Surface and interfacial Phenomena

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surface and interface phenomena


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Surface and Interfacial Phenomena Prepared by: Rohit Kamboj Assistant Professor GGS College of Pharmacy


Introduction I nterface is the boundary between two or more phases exist together Several types of interface can exist depending on whether the two adjacent phases are in solid, liquid or gaseous state. Importance of Interfacial phenomena in pharmacy: Adsorption of drugs into solid adjuncts in dosage forms Penetration of molecules through biological membranes Emulsion formation and stability The dispersion of insoluble particles in liquid media for suspensions .


Surface and Interfacial Tensions In the liquid state, the cohesive forces between adjacent molecules are well developed . For the molecules in the bulk of a liquid They are surrounded in all directions by other molecules for which they have an equal attraction. For the molecules at the surface (at the liquid/air interface) Only attractive cohesive forces with other liquid molecules which are situated below and adjacent to them. They can develop adhesive forces of attraction with the molecules of the other phase in the interface. Liquid Interface


Surface Tension Thus SURFACE TENSION [ γ ] is the force per unit length that must be applied parallel to the surface so as to counterbalance the net inward pull and has the units of dyne/cm. INTERFACIAL TENSION is the force per unit length existing at the interface between two immiscible liquid phases and has the units of dyne/cm. If two liquids are completely miscible, no interfacial tension exists between them.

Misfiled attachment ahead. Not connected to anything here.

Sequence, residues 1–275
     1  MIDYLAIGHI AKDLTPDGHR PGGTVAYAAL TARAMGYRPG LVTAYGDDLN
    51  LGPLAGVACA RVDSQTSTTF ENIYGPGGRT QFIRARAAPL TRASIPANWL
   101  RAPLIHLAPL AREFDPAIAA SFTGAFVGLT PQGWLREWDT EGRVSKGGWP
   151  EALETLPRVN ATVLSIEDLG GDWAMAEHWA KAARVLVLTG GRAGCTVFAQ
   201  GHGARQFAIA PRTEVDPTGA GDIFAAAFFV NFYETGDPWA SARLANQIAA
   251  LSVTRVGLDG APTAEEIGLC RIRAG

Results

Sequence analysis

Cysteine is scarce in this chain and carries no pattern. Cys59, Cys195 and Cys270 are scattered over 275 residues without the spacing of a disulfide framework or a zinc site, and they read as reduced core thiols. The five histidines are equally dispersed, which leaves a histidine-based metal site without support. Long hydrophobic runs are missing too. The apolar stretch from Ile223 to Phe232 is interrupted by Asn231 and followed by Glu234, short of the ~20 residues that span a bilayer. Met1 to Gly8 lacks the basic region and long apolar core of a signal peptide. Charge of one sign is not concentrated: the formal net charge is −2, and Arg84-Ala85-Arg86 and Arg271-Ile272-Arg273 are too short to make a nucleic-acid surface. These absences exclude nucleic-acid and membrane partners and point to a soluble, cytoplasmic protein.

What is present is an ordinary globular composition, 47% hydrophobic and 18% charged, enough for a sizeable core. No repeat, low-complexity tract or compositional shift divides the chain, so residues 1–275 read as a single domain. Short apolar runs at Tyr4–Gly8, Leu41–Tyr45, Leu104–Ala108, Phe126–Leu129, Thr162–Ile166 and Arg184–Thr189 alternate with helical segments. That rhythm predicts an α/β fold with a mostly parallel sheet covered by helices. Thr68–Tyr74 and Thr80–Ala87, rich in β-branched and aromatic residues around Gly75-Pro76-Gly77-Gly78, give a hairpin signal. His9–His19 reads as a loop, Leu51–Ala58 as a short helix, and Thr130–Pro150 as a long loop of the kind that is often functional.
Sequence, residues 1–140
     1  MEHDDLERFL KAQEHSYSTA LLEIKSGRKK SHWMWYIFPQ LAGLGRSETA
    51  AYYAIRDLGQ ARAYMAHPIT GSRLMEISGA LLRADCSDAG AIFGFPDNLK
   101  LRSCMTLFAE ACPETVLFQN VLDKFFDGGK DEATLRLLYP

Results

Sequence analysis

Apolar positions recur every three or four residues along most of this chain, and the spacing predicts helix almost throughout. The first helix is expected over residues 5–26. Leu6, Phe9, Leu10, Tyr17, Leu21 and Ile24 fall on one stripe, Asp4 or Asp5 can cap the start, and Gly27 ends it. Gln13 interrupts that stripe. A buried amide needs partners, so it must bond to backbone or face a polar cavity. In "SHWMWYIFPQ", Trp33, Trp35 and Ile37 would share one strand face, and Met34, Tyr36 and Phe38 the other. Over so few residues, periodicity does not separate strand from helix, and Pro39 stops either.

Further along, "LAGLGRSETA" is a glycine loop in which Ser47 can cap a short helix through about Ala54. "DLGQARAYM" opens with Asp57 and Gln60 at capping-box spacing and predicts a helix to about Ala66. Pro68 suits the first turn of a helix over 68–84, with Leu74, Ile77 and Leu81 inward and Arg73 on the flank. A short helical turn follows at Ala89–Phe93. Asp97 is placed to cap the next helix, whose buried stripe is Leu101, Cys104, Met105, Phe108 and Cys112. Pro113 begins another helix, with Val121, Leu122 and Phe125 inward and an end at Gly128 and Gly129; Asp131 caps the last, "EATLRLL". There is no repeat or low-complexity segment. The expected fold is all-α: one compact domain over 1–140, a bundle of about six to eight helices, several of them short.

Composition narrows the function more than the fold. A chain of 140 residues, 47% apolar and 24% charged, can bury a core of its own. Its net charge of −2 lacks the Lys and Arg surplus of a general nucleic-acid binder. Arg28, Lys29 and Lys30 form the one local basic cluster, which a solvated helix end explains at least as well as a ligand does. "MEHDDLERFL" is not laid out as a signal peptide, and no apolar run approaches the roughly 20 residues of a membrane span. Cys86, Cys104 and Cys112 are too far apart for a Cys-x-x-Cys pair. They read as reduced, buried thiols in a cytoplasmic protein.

Internal Factors : The surface tension is observed in liquids due to Intermolecular attractive forces. External Factors : When substances are added to liquids, these alter the surface and interface tension. Example are Surface active agents decreases Surface tension Effect of Temperature : As temp increases the Surface tension of liquids decreases due to enhance kinetic energy that weakens cohesive force. At critical temp Surface tension is 0. Factors influencing Surface and Interfacial tension


Measurement of Surface and Inter­facial Tensions Methods for measuring surface and interfacial tension 1- Capillary rise method 2- Ring (Du Nouy ) tensiometer 3- Drop weight method ( Stalagmometer ) 4- Drop Count Method The choice of the method for measuring surface and interfacial tension depend on: Whether surface or interfacial tension is to be determined . The accuracy desired The size of sample.


7 Capillary Rise Method When a capillary tube is placed in a liquid, it rises up the tube a certain distance. By measuring this rise, it is possible to determine the surface tension of the liquid. It is not possible, to obtain interfacial tensions using the capillary rise method. Cohesive force is the force existing between like mole­cules in the surface of a liquid Adhesive force is the force existing between unlike molecules, such as that between a liquid and the wall of a glass capillary tube When the force of Adhesion is greater than the cohesion, the liquid is said to wet the capillary wall, spreading over it , and rising in the tube. The Principle